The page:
If we read John 3:16, we can see this was the distinction being made for hope of restoring an opportunity for eternal life (as it would have been, had Adam and Eve not disobeyed and brought the curse on mankind in the first place):
For God so loved the world, that he gave his only begotten Son, that whosoever believeth in him should not perish, but have everlasting life.
This is one of the most quoted scripture by Christians of all denominations, yet it is (I feel) one of the most misunderstood. Note that the distinction is not between spending eternity in Heaven or Hell, but having everlasting life over death.
So, when Sam asserts and asks the following:
Modern religion assures us that there is an after-life existence in either heaven or hell. Remember, one must believe it in order to achieve it . . . but one really must ask if there is a heaven or hell, what has happened to the souls of all those millions of people who lived long before Jesus or Allah? Have these ancient souls been condemned to a never-ending torment just because they happened to live at the wrong time, or in the wrong place?
I have somewhat of an answer.
I say all souls that have died (before or after Christ came and redeemed the world are now dead), are now awaiting the day when their names are called to come forth in the resurrection, the same resurrection that Christ experienced. Those that are known by God will live again. That is the hope, that is the promise. Furthermore it is my belief that the Roman Church in the Dark Ages deliberately twisted passages from the Bible that were meant to be interpreted in a metaphorical sense, and not literally. Those passages became mainstream, because Rome wanted tight control over its subjects through the Church.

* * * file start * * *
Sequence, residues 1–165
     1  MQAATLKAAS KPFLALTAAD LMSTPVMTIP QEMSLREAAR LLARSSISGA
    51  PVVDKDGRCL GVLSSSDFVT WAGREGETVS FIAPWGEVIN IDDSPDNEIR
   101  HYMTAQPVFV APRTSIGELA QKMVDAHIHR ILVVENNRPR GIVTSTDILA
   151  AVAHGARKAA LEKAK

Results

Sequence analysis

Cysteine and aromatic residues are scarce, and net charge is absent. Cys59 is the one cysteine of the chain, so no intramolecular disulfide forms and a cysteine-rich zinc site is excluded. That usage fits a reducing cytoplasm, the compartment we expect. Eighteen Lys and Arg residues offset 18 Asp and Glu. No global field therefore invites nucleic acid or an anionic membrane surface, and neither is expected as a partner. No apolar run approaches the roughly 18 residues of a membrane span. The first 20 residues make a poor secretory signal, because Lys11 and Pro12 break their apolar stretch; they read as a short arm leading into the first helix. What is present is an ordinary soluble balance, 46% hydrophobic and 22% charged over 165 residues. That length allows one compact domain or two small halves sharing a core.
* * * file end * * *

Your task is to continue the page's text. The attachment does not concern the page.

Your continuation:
In short, I do not believe that there is a special place that God sets aside for those He wishes to torment (with angels all standing around the camp fire pit saying; "Goody, goody, they are getting what they deserve"). The lost souls that have done evil, killed innocents, and blasphemed will not fry and pop in the pits of hell, throughout the ceaseless ages of eternity. They will die and stay dead forever.
The current concept of Hell is just one example of how man has overcomplicated Christianity, as has been done with most religions throughout the annals of time. God gave Moses and the children of Israel the Law, it wasn't long before they complicated it. By the time Christ came, they had it so over-saturated with unnecessary rituals, that it was unrecognizable, from it purest form.
With that in mind, it only stands to reason the same has been done with Christianity and does much to explain why so many people are confused and even turned off by something that in it's purest form, was simple and easy. God uncomplicated religion and man messed it back up as he does everything he touches.
Questions? I'll try to answer them, best I can. If not, ponder on these things and see if they do not make a little sense.